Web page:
Provinces 2.0

Canadian provinces have economic, historical and cultural characteristics that make them distinct from one another, but it is pretty natural to ask whether or not the administrative boundaries of provinces match the economic and social landscape of the country.  Do the provincial boundaries divide into regions of shared interests, or are do they split up more natural groupings of people into artificial geographic areas?

One way to explore this question is by mapping out census data on things like employment, language, population density, etc., and then visually comparing how these attributes are distributed across the country to determine whether or not they align with existing provincial boundaries.  Here is a map of census divisions portraying the distribution of median income based on the 2006 Canadian census:


From this map we can observe where median income is higher (dark blue) or lower (light blue), and the apparent regional patterns–for example, lower in eastern Canada, and higher in southern Ontario and western Canada.  It is clear from the map, however, that the provinces are themselves internally heterogeneous; northern Saskatchewan and Manitoba have lower median income than the southern urban regions, for example. Perhaps northern regions could be sensibly ‘grouped’ into their own province if we thought median income was an important defining attribute of provincial identity, or if it empowered traditionally underrepresented groups in a way that traditional provincial boundaries did not.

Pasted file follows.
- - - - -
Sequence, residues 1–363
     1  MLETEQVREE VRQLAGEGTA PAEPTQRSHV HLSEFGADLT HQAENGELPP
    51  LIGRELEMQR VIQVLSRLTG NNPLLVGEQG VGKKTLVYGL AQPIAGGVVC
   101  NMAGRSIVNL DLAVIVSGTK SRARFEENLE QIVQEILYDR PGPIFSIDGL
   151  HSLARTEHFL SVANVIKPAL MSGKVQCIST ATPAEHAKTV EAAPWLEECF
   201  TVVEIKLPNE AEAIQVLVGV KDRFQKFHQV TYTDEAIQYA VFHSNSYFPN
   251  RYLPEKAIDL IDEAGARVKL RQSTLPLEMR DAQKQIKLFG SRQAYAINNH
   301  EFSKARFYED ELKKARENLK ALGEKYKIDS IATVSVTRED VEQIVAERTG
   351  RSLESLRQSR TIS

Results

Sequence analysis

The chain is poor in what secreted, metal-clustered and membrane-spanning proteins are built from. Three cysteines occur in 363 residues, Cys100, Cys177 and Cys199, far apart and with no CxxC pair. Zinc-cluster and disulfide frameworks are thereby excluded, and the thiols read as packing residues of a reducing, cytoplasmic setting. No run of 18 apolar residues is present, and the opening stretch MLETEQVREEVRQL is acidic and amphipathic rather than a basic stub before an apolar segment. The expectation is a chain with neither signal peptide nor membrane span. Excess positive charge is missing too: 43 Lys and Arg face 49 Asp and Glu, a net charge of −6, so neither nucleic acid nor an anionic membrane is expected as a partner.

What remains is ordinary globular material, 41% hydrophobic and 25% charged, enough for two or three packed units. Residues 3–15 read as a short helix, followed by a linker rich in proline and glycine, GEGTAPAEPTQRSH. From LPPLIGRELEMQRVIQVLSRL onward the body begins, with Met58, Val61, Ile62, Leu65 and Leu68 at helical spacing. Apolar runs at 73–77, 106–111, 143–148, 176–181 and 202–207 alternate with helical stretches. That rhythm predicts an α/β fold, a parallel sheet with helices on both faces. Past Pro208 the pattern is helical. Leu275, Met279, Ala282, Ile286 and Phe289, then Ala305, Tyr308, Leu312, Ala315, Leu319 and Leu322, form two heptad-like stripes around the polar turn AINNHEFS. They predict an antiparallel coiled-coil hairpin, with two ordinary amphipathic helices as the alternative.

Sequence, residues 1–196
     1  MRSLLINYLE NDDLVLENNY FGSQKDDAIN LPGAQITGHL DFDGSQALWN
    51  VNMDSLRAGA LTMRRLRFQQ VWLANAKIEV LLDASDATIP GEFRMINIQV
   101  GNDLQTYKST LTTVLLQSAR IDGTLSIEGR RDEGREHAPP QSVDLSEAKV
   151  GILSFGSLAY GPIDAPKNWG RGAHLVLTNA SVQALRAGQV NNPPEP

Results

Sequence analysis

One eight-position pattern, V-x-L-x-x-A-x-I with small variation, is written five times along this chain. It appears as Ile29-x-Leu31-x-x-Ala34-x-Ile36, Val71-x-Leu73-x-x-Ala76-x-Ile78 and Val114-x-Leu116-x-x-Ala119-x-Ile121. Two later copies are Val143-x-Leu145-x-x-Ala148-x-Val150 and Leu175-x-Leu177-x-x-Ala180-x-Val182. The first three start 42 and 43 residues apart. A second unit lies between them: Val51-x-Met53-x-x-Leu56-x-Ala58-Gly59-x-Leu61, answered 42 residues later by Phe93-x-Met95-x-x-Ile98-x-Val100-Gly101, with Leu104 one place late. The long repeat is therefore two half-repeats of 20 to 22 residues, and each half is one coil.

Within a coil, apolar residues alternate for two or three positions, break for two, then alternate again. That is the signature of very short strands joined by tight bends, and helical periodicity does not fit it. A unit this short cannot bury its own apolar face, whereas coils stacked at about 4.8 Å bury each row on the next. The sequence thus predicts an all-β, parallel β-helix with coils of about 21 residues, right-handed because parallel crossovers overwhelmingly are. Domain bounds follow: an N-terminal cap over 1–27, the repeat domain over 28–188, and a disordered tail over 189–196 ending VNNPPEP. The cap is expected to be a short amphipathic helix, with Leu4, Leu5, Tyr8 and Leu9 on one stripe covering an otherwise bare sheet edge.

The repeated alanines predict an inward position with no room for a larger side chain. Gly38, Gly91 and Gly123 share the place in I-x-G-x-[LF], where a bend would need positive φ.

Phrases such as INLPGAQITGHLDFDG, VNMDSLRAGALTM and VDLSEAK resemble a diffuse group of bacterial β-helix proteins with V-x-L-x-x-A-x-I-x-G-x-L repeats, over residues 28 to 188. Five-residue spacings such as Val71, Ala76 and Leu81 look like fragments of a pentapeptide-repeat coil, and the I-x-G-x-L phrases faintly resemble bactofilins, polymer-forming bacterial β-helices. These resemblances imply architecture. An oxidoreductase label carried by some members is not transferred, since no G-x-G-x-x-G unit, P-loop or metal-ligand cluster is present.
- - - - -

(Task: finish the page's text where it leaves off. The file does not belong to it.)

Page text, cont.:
An alternative approach is to use a computer algorithm to re-draw the provincial boundaries based on the attributes of interest.  Here I use a political districting algorithm developed in my lab to redraw the provincial boundaries in a way that makes them as internally similar as possible with respect to median income.  I also ensured that the provinces are roughly equal in population size (between 2.5 and 5 million in each).  The result is a map of the country with new provincial boundaries (‘Provinces 2.0’).


Here’s one of just southern Ontario:


In practice, defining provincial boundaries based on similarities of income makes little sense.  Indeed, it may make more economic sense to create provinces that are economically heterogeneous so that wealthier regions can contribute provincial tax revenue to poorer regions. Furthermore, these alternative boundaries can be based on different attributes (e.g., language, ethnic background, unemployment, economic growth, housing stock, voting behaviour) or some combination of attributes that prove important.  It could also be interesting to observe how how these maps may change over time.

Expect some more experiments with these maps in the near future…